Herbert Arnold Geller (November 2, 1928 – December 19, 2013) was an American jazz saxophonist, composer and arranger. He was born in Los Angeles, California, United States.[1]

Herb Geller
Herb Geller, The Blue Lamp, Aberdeen 12 Feb 2011.jpg
Photo of Herb Geller
Background information
Birth nameHerbert Arnold Geller
Born(1928-11-02)November 2, 1928
Los Angeles, California, US
DiedDecember 19, 2013(2013-12-19) (aged 85)
Hamburg, Germany
GenresJazz
Occupation(s)Musician, composer, arranger
InstrumentsSaxophone, flute
Years active1946–2013
Websitewww.herbgeller.com

Early lifeEdit

His mother, Frances (née Frances Mildred Fullman, also known as Fannie Fullman; 1899–1980), worked at the Hollywood neighborhood cinemas playing piano, accompanying silent movies. At the age of 8, Geller was presented with an alto saxophone, purchased from a local music store owner and music teacher who was also a family friend and had a used instrument for sale. Two years later, he started playing the clarinet. Geller attended Dorsey High School in the southwestern part of Los Angeles and joined the school band which among others included the musicians Eric Dolphy and Vi Redd. At the age of 14, he heard Benny Carter perform at the Orpheum Theatre in Los Angeles and was so impressed that he decided to pursue a career in music, specializing on the alto saxophone. Two years later, he had his first professional engagement in the band of jazz violinist Joe Venuti.[1]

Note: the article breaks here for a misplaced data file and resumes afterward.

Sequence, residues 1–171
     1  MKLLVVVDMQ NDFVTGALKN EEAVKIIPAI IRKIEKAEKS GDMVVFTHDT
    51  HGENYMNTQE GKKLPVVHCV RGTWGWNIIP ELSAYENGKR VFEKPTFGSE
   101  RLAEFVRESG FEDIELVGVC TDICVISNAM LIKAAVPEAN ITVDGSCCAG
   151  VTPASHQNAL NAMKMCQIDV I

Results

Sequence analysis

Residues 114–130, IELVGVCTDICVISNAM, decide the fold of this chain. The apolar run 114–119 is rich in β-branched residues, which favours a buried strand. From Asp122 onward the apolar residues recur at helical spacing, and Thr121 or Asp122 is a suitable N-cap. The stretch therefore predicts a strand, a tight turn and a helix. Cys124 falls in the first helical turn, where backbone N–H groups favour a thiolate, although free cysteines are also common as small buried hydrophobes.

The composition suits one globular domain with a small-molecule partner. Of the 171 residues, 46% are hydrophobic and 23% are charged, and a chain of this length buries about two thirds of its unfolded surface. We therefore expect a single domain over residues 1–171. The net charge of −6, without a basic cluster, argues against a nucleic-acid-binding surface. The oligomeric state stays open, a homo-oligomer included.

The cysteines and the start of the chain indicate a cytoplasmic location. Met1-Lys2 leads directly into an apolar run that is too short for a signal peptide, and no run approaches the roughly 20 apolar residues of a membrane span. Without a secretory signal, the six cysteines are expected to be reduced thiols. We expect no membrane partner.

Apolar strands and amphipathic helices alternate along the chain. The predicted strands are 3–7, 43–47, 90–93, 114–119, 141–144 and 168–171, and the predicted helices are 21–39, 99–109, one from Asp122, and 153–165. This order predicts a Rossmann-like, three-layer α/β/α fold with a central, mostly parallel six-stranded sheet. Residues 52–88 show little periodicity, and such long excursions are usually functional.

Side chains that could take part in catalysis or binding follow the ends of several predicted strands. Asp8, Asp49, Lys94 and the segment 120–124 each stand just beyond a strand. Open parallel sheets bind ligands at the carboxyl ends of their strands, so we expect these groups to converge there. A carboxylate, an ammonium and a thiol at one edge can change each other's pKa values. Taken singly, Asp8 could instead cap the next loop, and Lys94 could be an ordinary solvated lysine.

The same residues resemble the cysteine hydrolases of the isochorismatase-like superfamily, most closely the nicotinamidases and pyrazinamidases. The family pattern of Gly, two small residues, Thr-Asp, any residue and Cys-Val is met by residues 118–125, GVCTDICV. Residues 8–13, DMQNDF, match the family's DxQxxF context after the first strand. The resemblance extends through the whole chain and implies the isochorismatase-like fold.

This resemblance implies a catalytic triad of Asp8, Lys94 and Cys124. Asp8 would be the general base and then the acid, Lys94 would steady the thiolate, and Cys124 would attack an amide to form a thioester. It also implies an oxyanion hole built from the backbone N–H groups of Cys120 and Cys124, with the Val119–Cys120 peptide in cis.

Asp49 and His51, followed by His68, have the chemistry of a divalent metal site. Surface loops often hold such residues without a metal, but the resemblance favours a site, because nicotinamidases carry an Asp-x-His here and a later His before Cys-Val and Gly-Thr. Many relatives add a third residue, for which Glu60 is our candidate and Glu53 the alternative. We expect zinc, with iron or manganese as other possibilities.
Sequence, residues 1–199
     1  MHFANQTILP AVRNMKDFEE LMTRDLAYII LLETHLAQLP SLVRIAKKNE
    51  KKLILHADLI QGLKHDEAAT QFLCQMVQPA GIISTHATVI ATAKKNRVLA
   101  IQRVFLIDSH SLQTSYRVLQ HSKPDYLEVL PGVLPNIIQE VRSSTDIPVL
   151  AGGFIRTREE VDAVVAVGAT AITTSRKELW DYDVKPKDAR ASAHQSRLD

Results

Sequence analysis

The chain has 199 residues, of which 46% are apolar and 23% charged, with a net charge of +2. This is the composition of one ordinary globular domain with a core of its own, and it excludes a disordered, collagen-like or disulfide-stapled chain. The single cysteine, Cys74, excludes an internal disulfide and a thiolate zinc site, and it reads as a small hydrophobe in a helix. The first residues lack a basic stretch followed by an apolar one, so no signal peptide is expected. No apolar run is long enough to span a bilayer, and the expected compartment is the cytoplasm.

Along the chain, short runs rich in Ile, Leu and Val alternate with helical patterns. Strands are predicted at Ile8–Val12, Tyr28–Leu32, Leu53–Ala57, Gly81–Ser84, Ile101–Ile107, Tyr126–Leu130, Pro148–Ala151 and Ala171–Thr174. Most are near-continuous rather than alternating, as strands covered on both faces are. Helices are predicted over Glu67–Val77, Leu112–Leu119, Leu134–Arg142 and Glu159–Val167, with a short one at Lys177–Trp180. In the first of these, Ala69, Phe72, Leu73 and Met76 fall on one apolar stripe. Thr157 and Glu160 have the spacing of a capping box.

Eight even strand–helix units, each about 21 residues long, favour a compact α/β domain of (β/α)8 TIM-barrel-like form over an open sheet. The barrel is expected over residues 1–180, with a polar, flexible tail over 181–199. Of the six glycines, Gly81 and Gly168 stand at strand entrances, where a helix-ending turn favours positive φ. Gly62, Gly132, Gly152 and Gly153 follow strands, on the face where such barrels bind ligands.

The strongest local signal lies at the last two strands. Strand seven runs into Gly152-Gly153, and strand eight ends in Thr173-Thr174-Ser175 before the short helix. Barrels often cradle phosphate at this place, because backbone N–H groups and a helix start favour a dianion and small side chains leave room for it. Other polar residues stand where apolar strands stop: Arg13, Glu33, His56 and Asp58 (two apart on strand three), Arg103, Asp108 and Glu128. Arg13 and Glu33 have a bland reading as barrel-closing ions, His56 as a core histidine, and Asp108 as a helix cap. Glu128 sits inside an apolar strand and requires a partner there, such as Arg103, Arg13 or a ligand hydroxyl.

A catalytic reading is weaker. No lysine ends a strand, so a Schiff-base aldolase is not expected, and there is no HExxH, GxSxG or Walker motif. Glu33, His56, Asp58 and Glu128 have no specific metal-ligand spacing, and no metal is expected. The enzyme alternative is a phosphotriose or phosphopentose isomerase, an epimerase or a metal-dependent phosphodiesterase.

A short time later, he discovered the music of Charlie Parker, who became an important idol along with Benny Carter and Johnny Hodges. In 1949, Geller went to New York City for the first time, where he performed in the bands of Jack Fina, (with Paul Desmond also in the sax section), Claude Thornhill, Jerry Wald, and Lucky Millinder. During this time, he met pianist Lorraine Walsh in Los Angeles. Geller and Walsh got married in New York and she became an important musical partner, in addition to pursuing her own solo career.

CareerEdit

After three years in New York, Geller joined the Billy May orchestra in 1952[2] and, following an engagement in Los Angeles, the Gellers returned there to live. Among the groups Geller worked and recorded with were Shorty Rogers, Maynard Ferguson, Bill Holman, Shelly Manne, Marty Paich, Barney Kessel, André Previn, Quincy Jones, Wardell Gray, Jack Sheldon and Chet Baker.[2] Lorraine worked as the house pianist at the Lighthouse Jazz Club, and played with Miles Davis, Dizzy Gillespie, Charlie Parker, Stan Getz, Zoot Sims, Jack Teagarden, Bill Holman and was the accompanist for the singer Kay Starr. Geller recorded three LPs as a leader for Emarcy plus some with Dinah Washington, Max Roach, Clifford Brown, Clark Terry, Maynard Ferguson, and Kenny Drew.

In 1955, he won the "New Star Award" from DownBeat magazine and achieved worldwide recognition through his recordings with Clifford Brown. Later, Geller worked in the bands of Louie Bellson and Benny Goodman.[2]